US Commerce Secretary Gina Raimondo on Saturday urged lawmakers, Silicon Valley and US allies to stop China from getting semiconductors and cutting-edge technologies key to national security.
Speaking at an annual national defense forum in Simi Valley, California, Raimondo called Beijing "the biggest threat we've ever had" and stressed "China is not our friend."
The world's top two economies are locked in a fierce commercial and geopolitical rivalry, in which her department plays a leading role.
In October, Raimondo unveiled a series of restrictions on the export of advanced chips to China, including those used in the development of artificial intelligence (AI), to prevent their use by Beijing for its military.
"I know there are CEOs of chip companies in this audience who were a little cranky with me when I did that, because you're losing revenue. Such is life, protecting our national security matters more than short term revenue."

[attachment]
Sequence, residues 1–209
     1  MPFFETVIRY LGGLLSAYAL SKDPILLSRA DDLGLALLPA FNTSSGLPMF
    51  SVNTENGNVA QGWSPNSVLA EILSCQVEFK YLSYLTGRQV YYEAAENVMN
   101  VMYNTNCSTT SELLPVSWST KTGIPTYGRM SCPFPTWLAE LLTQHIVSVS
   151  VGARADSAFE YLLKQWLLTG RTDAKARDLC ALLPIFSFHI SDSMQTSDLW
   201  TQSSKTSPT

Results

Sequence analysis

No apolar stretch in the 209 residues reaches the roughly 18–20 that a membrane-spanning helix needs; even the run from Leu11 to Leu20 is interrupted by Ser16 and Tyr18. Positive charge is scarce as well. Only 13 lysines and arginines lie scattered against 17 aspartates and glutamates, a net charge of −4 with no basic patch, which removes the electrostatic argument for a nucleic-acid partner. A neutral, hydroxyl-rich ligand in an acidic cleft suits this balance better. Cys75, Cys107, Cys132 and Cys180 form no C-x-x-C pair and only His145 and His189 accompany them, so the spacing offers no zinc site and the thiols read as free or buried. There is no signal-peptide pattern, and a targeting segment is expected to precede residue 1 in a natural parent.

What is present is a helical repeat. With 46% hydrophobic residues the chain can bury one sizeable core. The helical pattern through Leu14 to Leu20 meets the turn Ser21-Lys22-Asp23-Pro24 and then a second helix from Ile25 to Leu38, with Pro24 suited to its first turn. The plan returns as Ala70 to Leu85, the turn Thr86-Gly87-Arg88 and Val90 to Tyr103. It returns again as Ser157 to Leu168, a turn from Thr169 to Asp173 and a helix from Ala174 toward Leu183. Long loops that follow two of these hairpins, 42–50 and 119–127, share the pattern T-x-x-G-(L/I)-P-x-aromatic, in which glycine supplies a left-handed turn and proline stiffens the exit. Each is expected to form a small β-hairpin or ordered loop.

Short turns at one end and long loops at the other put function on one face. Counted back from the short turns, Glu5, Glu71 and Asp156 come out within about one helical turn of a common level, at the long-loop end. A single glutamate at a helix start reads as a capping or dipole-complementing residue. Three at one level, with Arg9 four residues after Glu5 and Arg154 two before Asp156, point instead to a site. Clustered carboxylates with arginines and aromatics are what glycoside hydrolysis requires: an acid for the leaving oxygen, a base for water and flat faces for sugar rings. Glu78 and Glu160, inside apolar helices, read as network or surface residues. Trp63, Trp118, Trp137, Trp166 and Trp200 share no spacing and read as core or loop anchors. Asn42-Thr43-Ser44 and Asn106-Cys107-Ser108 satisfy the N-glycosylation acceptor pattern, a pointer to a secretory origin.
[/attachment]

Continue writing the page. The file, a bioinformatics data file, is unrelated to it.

"Newsflash: democracy is good for your businesses. Rule of law here and around the world is good for your businesses," she said.
Raimondo noted that Nvidia, maker of the most sophisticated chips needed to develop the latest generation of AI, had developed a product that performs just below the limit set by her department for export to China.
"That's what industry does," she acknowledged, but added, "That's not productive."
"Every day China wakes up trying to figure out how to do an end run around our export controls... which means every minute of every day, we have to wake up tightening those controls and being more serious about enforcement with our allies," she said.
Raimondo stressed that her department needs better funding to effectively carry out its mission.
"I have a $200 million budget. It's like the cost of a few fighter jets. Come on," she said. "Let's go fund this operation like it needs to be funded so we can do it, we need to do to protect America."
"America leads the world in artificial intelligence... America leads the world in advanced semiconductor design," Raimondo said. "That's because of our private sector.
"No way are we going to let (China) catch up."
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